How to Sue a Government Agency

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Suing a government agency in the United States can be an intimidating prospect, but if you feel like you've been wronged, it may be a necessary one. The process may take some time and is fairly complicated, but you will need to follow a number of steps if you want to have success. There are also a number of limitations you will have to contend with before you can sue a government. Take the time to familiarize yourself with the process before you get started.

Step 1

Contact your lawyer before your take any action. If you don't have a lawyer, look in a local business directory such as the Yellow Pages. Although a lawyer is not necessary for the preliminary steps, they can help advise you and guide you in the right direction.

Step 2

Visit your local county website or their offices in person. Obtain a copy of the damages claim form. Before you can sue a government agency, you must first attempt to file a claim.

Step 3

Fill out the form with all of the relevant information including personal information, the nature of the damages and the amount of compensation you expect. You must file this form within six months of your accident or loss.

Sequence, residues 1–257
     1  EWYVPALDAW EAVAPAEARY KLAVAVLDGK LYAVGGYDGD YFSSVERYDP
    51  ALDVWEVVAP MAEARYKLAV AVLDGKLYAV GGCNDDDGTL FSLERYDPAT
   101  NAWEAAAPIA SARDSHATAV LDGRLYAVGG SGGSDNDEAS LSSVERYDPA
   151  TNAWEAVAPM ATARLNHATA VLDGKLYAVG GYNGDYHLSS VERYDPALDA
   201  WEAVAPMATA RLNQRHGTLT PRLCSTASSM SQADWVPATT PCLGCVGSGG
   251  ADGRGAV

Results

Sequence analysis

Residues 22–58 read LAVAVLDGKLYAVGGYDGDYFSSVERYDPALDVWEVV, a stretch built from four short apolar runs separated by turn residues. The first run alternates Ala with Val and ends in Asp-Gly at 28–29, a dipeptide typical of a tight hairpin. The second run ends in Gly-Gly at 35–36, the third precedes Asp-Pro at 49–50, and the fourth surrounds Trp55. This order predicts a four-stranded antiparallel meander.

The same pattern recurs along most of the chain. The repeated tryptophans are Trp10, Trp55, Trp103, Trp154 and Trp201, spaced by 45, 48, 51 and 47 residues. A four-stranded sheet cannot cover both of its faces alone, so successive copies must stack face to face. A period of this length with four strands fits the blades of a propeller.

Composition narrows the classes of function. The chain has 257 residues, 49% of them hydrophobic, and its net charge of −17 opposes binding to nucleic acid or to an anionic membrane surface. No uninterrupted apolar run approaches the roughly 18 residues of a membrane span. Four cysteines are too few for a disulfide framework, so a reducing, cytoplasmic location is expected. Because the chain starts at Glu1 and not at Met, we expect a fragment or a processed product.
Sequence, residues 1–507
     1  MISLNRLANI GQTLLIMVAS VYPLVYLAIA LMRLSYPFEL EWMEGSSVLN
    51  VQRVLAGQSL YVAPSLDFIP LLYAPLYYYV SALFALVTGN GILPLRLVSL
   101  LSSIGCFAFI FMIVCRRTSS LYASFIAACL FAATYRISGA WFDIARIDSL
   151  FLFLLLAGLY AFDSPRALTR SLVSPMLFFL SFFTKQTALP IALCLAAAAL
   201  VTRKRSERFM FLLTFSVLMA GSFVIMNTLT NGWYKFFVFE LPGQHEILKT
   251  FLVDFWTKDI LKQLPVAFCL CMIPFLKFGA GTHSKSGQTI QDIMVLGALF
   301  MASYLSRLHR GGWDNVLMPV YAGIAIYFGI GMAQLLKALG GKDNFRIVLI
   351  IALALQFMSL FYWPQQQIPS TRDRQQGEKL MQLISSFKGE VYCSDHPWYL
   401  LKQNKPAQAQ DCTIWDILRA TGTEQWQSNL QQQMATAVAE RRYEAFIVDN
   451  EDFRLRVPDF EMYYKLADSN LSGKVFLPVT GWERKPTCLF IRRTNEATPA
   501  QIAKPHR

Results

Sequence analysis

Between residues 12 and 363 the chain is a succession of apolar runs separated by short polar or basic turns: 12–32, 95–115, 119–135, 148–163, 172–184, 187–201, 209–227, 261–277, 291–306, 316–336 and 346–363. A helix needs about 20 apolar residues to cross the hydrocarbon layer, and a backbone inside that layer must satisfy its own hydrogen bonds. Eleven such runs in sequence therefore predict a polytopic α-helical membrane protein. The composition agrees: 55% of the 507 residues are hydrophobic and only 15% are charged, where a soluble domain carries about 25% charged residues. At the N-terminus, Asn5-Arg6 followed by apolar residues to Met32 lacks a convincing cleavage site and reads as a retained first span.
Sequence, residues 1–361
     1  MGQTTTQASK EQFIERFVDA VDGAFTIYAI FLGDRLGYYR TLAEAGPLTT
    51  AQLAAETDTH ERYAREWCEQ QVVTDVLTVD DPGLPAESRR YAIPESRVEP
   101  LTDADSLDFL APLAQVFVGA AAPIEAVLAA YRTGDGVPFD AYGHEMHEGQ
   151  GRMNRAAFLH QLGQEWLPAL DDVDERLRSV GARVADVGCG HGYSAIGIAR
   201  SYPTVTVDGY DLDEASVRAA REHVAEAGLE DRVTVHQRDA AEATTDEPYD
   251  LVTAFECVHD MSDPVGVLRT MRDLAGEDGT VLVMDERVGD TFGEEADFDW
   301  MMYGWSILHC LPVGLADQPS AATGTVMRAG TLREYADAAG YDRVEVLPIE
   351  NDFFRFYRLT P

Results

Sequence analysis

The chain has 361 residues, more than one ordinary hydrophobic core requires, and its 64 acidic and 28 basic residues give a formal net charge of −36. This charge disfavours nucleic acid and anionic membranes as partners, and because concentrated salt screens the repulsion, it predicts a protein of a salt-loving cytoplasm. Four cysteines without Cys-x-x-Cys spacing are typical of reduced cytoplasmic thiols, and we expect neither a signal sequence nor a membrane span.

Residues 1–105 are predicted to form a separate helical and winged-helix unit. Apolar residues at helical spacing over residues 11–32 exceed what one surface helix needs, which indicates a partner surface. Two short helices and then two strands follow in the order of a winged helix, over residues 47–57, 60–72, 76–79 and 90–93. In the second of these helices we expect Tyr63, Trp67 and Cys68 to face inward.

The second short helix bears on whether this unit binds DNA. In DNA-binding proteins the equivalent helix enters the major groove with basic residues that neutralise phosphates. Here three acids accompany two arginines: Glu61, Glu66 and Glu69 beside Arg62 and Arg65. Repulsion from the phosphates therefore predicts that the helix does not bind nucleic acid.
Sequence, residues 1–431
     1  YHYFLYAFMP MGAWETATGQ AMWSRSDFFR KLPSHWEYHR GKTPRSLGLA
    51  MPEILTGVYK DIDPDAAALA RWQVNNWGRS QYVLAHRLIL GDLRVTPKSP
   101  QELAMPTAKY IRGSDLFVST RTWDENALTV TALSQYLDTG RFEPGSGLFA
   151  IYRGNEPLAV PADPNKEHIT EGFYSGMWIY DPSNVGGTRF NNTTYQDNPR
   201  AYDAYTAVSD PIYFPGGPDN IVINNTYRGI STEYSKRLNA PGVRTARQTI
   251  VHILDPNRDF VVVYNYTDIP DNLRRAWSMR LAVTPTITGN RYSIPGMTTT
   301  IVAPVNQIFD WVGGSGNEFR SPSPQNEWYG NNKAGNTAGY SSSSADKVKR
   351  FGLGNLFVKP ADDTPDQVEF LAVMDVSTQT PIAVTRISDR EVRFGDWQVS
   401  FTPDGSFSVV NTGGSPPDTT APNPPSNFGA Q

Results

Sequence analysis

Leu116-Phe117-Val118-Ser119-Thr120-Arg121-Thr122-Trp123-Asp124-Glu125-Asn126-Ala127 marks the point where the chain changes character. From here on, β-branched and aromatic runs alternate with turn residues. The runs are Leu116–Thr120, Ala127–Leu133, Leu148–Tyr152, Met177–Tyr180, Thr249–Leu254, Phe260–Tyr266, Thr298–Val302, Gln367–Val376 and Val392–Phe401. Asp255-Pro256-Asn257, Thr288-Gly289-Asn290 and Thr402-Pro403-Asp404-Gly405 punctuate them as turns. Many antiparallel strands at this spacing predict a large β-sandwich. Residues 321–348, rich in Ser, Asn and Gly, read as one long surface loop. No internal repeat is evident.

Step 4

File your claim in person or by mail. Wait for a letter announcing whether your claim has been accepted or rejected.

Step 5

Plan to file a lawsuit if your claim was rejected or if you have not heard from the office within 45 days. Fill out a plaintiff's claim sheet available online or in person from your local county office.

Step 6

Find a small claims court near you and file the document along with necessary filing fee. If you are unable to afford the filing fee, you may submit a waiver, which is also available at your county office.

Step 7

Prepare with your lawyer for the trial. Remember to bring your copy of the plaintiff's claim to the court on the date given to you when you filed your claim.

References

About the Author

James Stuart began his professional writing career in 2010. He traveled through Asia, Europe, and North America, and has recently returned from Japan, where he worked as a freelance editor for several English language publications. He looks forward to using his travel experience in his writing. Stuart holds a Bachelor of Arts in English and philosophy from the University of Toronto.

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